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An important distinction has to be made… what exactly does it mean starting younger doesn’t make you better? Did the study mean to suggest that children should not be started in sport at a young age? Not all. What was meant is that starting deliberate practice (DP) at a young age fails to deliver optimal results: athletes will fail to reach higher levels of competitions when DP is started too early.

What is deliberate practice (DP)? Deliberate practice in the context of this study meant high-intensity training sessions. High intensity training includes any sort of training set which is based on making pace times, and/or demanding that athletes deliver consistently and repeatedly high intensity levels of effort in training.

Specifically this study identified that:

  • Runner who made it to World Class levels of competition (i.e. Kenyan runners) started DP at the age of 18.

  • Runners who made it as far as international-level competition started DP at the age of 16,

  • Runners who made it as far as national-level competition started DP at the age of 13.

The point: start an athlete at high intensity training sooner and the sooner they will max out, maxing out at a lower level of competition then if they started deliberate practice (DP) later on.

If not DP, then what should athletes be doing in training? Learning! Learning how to swim (i.e. all the finest details to swim all the strokes with excellence), how to train, the skills, the tactics, the strategies of how to race, and then learning to apply them in non-competitive situations before applying them in competition. Athletes should be spending years and years learning and only after truly mastering the execution of sport specific technique, the skills and strategies should DP be added as the final piece.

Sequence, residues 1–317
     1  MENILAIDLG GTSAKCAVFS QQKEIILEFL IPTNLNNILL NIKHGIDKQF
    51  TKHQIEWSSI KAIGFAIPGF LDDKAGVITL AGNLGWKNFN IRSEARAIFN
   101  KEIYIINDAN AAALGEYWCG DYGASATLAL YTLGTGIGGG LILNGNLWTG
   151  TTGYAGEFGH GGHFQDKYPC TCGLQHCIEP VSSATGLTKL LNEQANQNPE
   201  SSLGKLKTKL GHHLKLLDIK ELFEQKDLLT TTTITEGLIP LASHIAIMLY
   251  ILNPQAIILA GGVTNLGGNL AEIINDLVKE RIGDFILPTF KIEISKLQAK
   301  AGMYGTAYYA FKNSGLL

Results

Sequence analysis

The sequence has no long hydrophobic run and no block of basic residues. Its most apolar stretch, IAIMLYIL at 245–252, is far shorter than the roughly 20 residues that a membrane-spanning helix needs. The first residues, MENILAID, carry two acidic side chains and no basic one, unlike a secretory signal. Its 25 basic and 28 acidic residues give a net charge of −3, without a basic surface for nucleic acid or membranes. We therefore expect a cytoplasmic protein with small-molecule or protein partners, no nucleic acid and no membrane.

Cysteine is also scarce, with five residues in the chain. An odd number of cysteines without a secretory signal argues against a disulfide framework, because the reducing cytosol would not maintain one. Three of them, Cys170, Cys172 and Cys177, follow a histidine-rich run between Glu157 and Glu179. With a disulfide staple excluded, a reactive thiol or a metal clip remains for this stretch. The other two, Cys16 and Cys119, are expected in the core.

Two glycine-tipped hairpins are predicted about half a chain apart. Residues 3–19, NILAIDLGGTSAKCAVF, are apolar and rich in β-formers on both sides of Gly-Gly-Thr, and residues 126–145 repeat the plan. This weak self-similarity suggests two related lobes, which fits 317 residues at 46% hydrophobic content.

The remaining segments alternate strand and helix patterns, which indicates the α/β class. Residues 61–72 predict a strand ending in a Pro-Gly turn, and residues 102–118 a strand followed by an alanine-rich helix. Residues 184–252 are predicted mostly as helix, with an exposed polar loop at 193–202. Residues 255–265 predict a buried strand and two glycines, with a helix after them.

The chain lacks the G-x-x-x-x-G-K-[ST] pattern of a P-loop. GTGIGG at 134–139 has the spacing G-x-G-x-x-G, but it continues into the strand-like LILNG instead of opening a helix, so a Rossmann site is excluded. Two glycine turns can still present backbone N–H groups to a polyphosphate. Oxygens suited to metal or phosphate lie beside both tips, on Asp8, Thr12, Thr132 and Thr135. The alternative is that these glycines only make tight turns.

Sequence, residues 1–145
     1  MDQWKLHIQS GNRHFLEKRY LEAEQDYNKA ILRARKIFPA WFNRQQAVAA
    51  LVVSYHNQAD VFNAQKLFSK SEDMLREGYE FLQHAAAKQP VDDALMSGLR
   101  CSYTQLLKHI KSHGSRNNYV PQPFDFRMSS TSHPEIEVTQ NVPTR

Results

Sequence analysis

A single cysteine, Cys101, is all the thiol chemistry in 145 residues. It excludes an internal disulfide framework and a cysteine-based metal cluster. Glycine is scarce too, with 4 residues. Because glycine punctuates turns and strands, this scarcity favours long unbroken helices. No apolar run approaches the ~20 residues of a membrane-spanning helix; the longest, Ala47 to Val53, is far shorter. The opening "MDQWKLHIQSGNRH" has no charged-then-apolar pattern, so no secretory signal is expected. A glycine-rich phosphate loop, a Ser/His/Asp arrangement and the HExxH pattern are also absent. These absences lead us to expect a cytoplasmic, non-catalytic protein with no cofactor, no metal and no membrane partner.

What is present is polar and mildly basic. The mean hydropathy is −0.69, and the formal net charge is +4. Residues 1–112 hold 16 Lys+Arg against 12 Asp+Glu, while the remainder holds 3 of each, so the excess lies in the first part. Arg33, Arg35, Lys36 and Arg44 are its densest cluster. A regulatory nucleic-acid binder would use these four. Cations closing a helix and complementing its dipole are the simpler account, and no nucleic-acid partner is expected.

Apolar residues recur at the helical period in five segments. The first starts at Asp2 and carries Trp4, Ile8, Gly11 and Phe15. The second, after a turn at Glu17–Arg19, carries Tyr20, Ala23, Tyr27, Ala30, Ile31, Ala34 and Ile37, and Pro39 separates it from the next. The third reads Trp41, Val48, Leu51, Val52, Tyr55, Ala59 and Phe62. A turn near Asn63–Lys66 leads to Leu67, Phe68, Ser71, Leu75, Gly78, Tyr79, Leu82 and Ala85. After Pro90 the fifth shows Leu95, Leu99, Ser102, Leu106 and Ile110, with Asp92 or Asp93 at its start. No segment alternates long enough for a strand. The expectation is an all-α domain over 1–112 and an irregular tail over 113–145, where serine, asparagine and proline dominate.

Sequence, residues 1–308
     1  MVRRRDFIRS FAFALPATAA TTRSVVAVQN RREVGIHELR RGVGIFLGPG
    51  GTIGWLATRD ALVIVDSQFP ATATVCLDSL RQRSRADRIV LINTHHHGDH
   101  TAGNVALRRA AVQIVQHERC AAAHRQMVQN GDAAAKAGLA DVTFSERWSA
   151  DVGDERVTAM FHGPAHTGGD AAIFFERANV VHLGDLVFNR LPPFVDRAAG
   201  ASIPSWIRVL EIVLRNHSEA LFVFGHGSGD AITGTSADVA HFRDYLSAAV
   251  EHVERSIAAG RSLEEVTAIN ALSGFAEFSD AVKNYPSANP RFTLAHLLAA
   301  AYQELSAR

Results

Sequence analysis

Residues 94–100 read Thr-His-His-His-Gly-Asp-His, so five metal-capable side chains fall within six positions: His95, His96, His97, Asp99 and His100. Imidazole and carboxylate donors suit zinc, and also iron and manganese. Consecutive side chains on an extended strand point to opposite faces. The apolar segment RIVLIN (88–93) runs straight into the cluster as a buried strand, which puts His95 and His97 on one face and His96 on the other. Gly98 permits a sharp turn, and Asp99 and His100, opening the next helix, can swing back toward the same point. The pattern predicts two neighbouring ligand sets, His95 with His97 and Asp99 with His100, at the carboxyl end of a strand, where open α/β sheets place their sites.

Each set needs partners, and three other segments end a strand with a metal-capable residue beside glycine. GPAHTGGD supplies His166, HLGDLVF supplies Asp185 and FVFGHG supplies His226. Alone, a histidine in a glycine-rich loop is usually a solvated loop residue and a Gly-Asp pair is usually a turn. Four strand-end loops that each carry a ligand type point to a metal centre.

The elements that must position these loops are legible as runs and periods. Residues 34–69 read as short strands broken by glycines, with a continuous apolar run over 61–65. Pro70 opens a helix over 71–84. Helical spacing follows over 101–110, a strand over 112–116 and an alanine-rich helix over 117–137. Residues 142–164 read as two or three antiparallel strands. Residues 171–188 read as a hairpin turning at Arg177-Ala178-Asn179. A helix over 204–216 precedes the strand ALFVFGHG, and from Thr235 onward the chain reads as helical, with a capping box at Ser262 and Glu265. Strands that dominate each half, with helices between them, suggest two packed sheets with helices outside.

If you are a youth/junior/U19 swimmer, cyclist, runner or multi-sport (e.g. triathlon) athlete and your coach has you doing structured high intensity training before you have mastered the sport, they are not training you to reach your highest potential.

If on the other hand you as an athlete or you as a parent are truly invested in the long term and interested in exploring your fullest potential then deliberate training (DP) must be delayed as long as possible. In the meantime training should be to develop the athlete’s ability to execute sport specific technique at the highest level on demand without hesitation, doubt or fear. Training should be developing the athlete’s self-knowledge & self-awareness, and developing the athlete’s skill range in both training and racing so that at the appropriate time the athlete will be able to compete expressing honestly their truest ability.

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Why the position that Swimming Natation Canada/Swim Ontario are failing Canadian youth? Because neither organization enforces their own LTAD (long term athlete development) model amongst their associated swim clubs or coaches. Swimmers are not taught to ‘Learn to Train’ before ‘Training to Train’ which is supposed to come before swimmers are to ‘Learn to Compete’ which comes before ‘Training to Compete’ and especially before ‘Competing to Win’. Instead, swimmers as young as 7 & 8 years of age are thrown into swim meets and expected to swim fast, and swim hard and ‘beat’ other swimmers (and if possible break records and qualify for higher levels of competition).

The evidence of the failures of Swimming Natation Canada (SNC) and Swim Ontario (SO) to properly develop athletes is lengthy… all one needs to do is look at our roster of male and female Olympians (especially our male roster) and compare it to Commonwealth Nations of similar size/scope and the difference is appalling.